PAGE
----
10

I am Japanese and a teacher of English. Now I am at a loss at a topic on "Comparison."

This sentence should be considered grammatically OK:

Oversleeping is no more healthy than overeating.

Whereas this sentence seems to be deemed wrong (including by AI-based grammar checkers):

This camera is no more big than my hands.

However, it does not make sense to me as these sentences should be identical in terms of their syntax and grammar.

Are both sentences correct?

  • 2
    Both sentences in the question are fine as written. – Jason Bassford Supports Monica Nov 10 at 3:28
  • 11
    @JasonBassfordSupportsMonica False. You are no more big than a grasshopper leaps. – tchrist Nov 10 at 3:30
  • 4
    So, "no more big than" is okay as well? How come "more big" is allowed here then.... Usually it is 100% wrong to use that form instead of bigger. >< – Kyozy Nov 10 at 3:31
  • 14
    @Kyozy No, more big is always wrong, just like more good and more bad. – tchrist Nov 10 at 3:33
  • 14
    You can use more big when you are comparing the qualities of a single item rather than two items. For example: The car's more big than good. Or He's more lazy than stupid. You can't say *The car's bigger than good or *He's lazier than stupid. See here: books.google.de/… – Shoe Nov 10 at 7:24
20

Quirk, Greenbaum, Leech and Svartvik have the following in their A Comprehensive Grammar of the English Language (pp. 462-463):

Most adjectives that are inflected for their comparison can also take the periphrastic forms with more and most. With more, they seem to do so more easily when they are predicative and are followed by a than-clause:

  • John is more mad than Bob is.
  • It would be difficult to find a man more brave than he is.
  • He is more wealthy than I thought.

Periphrastic forms are, however, uncommon with a number of monosyllabic adjectives (including those listed in 7.75 as forming their comparison irregularly [good, bad, far]):

bad, big, black, clean, fair [colour], far, fast, good, great, hard, high, low, old, quick, small, thick, thin, tight, wide, young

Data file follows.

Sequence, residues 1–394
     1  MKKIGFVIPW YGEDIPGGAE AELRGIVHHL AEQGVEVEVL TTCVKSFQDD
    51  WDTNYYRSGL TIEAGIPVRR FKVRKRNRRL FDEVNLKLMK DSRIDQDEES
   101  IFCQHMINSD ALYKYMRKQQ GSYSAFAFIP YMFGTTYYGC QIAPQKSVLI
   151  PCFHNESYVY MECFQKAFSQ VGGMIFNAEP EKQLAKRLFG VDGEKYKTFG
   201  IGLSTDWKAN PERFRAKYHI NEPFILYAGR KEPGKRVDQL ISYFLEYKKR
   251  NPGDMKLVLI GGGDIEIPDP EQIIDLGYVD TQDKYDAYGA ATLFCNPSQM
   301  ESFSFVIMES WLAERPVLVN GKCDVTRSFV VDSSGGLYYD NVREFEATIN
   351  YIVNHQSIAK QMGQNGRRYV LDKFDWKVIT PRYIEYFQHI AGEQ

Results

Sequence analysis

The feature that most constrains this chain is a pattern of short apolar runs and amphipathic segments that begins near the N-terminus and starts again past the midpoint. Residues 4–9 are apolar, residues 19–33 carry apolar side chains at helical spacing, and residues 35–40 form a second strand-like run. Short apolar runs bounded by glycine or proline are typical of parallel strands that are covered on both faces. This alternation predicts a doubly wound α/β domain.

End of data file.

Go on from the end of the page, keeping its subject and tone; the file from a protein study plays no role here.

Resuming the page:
They add the following note:

There seem to be fewer restrictions on using the periphrastic forms with adjectives in the comparative construction formed with the correlative the...the:

  • The more old/older we are, the more wise/wiser we become.

BUT NOT: *a more old man

Good and bad, however, require nonperiphrastic forms (better, worse) even here.

The example you give fits the context in which fewer restrictions seem to apply to the use of the periphrastic form only partially. Big is used predicatively and followed by than, though not by a than-clause. Perhaps the addition of are could make it more acceptable:

  • This camera is no more big than my hands are.
  • Oh, thank you so much for your answer! That was pretty understandable explanation to me! – Kyozy Nov 10 at 12:27
  • 1
    There are plenty of idiomatic constructions with more big, but they depend on context, as in a dialog: “Were their players more talented?” “No, just more big.” (said in a tone of disgust). – Global Charm Nov 10 at 13:46
  • Quirk et al don't address the 'no more Adj[absolute-form]' string; even the negator may skew preferred choice (padding often affords more licence). And of course there are strings (with absolute-class adjectives or nouns) not possible without 'no': "He is no more dead than I am." "He is no more mad than Bob is" has a different meaning from "He is no madder than Bob is." – Edwin Ashworth Nov 10 at 14:57
14

Instead of using more to form comparatives, notice what happens when you use inflection for the comparative degree:

  1. Oversleeping is no healthier than overeating.
  2. The camera is no bigger than my hands.

More big is always wrong to form the comparative degree, which is always bigger .

More healthy could also be healthier but it does not necessarily need to be.

  • 10
    "More big" isn't technically wrong, it's just not idiomatic. – Hot Licks Nov 10 at 3:30
  • 11
    @HotLicks Sure it is, but if you disagree, please post a more good answer; it can hardly be more bad. – tchrist Nov 10 at 3:32
  • 4
    I was taught more big is grammatically wrong. "big, bigger, biggest", not "big, more big, most big"... ... – Jalene Nov 10 at 4:50
  • 4
    So then how come we always say "You couldn't be more wrong" and never "You couldn't be wronger"? – Robusto Nov 10 at 4:57
  • 12
    "There are more big apples on this tree" and "There are bigger apples on this tree" are both idiomatic English, but they mean different things. – alephzero Nov 10 at 11:20
1

I think the construction "X is no more A than Y" normally functions idiomatically to express "X is not A." You are saying some predicate does not apply in this case, just as it doesn't apply in this other case. The tacit part of the expression is "...Y is A." See below:

  • "Oversleeping is no more healthy than overeating (is healthy)."